Q and A with Founding Boothologist John-Paull Davidson
It is often said that behind every successful entrepreneur is a driving passion. For you was it sustainable design?
In a word, yes. I was fortunate to get my start at Mobius in the 90s. We were designing for the success of our clients but also to a higher ideal. That design can make people’s lives better - more relaxing; more functional; pleasing. I grew up in an environmentally conscious household in Oregon and while I loved design, the waste really bothered me. In 2007 I started to think that the time was right to build a company around the notion of being “the green booth company”. There were a lot of companies that wanted green booths then, and it's been one project after another.
What inspired the Eco Rolla and Boothster Banner Stands, why focus on such a banal, off the shelf, throw away product?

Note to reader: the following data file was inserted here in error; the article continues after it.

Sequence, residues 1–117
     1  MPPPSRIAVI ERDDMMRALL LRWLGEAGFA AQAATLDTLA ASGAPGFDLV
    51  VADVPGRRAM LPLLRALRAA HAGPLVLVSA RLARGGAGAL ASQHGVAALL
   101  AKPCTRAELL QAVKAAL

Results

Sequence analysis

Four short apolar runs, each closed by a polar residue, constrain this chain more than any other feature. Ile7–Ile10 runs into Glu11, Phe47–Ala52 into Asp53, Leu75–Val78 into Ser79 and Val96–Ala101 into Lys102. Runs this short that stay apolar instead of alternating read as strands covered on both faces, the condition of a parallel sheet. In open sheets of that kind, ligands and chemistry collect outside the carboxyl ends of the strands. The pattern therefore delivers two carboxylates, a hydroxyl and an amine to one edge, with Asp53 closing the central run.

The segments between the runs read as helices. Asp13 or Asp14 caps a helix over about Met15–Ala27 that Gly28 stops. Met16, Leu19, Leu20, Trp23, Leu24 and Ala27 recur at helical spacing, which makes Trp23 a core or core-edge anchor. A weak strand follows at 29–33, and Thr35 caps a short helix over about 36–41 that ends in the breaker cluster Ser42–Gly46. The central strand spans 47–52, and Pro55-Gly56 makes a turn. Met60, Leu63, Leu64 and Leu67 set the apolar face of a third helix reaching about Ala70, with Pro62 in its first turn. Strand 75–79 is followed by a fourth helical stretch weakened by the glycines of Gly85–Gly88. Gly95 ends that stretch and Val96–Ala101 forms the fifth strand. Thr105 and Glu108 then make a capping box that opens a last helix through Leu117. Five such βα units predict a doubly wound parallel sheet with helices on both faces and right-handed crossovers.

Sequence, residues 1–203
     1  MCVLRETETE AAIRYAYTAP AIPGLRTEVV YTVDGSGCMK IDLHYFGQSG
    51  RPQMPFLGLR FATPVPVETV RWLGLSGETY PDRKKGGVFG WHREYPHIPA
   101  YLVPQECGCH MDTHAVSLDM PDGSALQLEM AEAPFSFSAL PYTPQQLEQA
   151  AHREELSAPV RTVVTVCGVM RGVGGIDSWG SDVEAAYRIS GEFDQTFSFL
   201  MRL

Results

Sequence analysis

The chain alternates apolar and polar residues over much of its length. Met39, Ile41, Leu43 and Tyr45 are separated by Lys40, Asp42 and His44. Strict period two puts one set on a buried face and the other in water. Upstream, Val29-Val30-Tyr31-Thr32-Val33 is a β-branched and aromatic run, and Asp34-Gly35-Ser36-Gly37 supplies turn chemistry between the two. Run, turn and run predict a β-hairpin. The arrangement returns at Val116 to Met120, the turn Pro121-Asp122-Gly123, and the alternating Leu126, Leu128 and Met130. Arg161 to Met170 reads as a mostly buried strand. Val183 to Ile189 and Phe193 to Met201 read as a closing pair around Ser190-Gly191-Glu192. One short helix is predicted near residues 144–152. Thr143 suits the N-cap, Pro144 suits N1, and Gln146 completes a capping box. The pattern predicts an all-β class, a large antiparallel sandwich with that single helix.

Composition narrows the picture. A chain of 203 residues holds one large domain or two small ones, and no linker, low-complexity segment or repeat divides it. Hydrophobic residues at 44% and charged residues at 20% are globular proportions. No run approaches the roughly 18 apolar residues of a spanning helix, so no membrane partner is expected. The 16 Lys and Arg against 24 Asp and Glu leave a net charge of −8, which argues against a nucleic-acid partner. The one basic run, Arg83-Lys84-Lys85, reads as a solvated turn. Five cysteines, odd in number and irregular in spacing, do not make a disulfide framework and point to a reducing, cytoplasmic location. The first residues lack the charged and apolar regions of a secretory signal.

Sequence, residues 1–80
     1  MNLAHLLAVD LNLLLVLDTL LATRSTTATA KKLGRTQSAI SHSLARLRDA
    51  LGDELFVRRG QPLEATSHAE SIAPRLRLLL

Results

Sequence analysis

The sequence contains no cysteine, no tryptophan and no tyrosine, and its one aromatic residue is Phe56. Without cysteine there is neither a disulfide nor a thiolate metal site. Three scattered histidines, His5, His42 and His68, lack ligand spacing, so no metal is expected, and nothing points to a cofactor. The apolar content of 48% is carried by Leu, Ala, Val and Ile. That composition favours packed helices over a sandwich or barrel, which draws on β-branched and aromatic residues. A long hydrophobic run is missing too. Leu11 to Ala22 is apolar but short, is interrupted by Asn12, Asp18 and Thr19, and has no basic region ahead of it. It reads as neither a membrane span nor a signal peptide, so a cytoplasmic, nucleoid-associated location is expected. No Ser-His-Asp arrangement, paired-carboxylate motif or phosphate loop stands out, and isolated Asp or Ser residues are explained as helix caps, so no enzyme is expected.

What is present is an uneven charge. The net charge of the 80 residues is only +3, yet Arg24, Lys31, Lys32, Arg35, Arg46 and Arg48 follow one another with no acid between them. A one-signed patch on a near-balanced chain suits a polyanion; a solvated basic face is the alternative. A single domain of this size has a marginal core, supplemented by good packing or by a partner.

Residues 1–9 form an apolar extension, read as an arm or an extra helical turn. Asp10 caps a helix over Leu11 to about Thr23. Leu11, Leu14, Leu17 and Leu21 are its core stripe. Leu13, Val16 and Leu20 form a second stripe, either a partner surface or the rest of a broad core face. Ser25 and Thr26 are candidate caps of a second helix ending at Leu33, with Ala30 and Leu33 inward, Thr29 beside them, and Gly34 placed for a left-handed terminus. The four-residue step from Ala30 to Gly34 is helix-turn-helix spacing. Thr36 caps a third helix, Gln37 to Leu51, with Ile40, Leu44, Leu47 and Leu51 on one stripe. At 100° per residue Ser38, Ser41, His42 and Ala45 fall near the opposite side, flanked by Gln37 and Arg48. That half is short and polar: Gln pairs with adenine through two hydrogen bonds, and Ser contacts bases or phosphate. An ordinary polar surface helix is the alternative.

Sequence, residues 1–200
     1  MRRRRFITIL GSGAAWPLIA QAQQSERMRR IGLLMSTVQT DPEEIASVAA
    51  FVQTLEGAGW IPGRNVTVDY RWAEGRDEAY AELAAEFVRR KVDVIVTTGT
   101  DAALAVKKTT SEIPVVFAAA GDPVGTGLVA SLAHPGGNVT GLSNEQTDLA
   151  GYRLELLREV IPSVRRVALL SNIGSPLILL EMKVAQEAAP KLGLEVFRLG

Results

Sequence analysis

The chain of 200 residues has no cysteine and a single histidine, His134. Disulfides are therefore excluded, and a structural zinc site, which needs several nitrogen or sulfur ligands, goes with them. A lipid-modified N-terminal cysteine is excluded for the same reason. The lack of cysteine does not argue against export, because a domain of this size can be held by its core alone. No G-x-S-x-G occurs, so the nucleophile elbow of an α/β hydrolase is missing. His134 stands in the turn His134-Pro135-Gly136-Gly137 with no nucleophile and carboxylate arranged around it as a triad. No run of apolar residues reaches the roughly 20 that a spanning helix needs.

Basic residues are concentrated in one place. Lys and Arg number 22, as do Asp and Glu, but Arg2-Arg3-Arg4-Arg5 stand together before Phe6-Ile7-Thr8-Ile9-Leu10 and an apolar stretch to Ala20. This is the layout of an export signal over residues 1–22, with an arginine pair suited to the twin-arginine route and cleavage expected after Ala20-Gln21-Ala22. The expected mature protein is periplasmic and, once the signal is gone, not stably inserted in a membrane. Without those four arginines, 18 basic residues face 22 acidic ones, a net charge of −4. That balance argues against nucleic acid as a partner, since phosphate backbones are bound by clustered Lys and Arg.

Well your question almost answers itself. The world is filled with boring aluminum junk called “banner stands”. Banner stands are a ubiquitous visual communication tool. We felt there was room to reinvent that product, and do it with made in the USA, sustainable green materials. Our Eco Rolla and bamboo lite have re-invented what a banner stand is. Its a little more expensive than aluminum but it creates a totally different, more positive, warm and fuzzy brand identity.
Can you tell us how Boothster provides Booth Design Ideas for clients?
Brainstorming is a key element of our booth design process. We start out by asking a lot of questions about the project, and we throw out ideas back and forth as that QA evolves. What boothster designs do you like? What design ideas, booth or otherwise, are inspirations? With an active discussion and back and forth presentation of photos and brand guidelines, an effective booth design always emerges. The Booth Design Ideas page on our website is a great starting point.
Is it true you started the company with $50?
Yea, $50, and just the right mix of naivete, audacity, and hard work. I paid a guy to teach me how to upload a website. I came up with a web strategy in 2007 and literally we haven’t been able to stop the projects from coming in since then.
So was it an overnight success?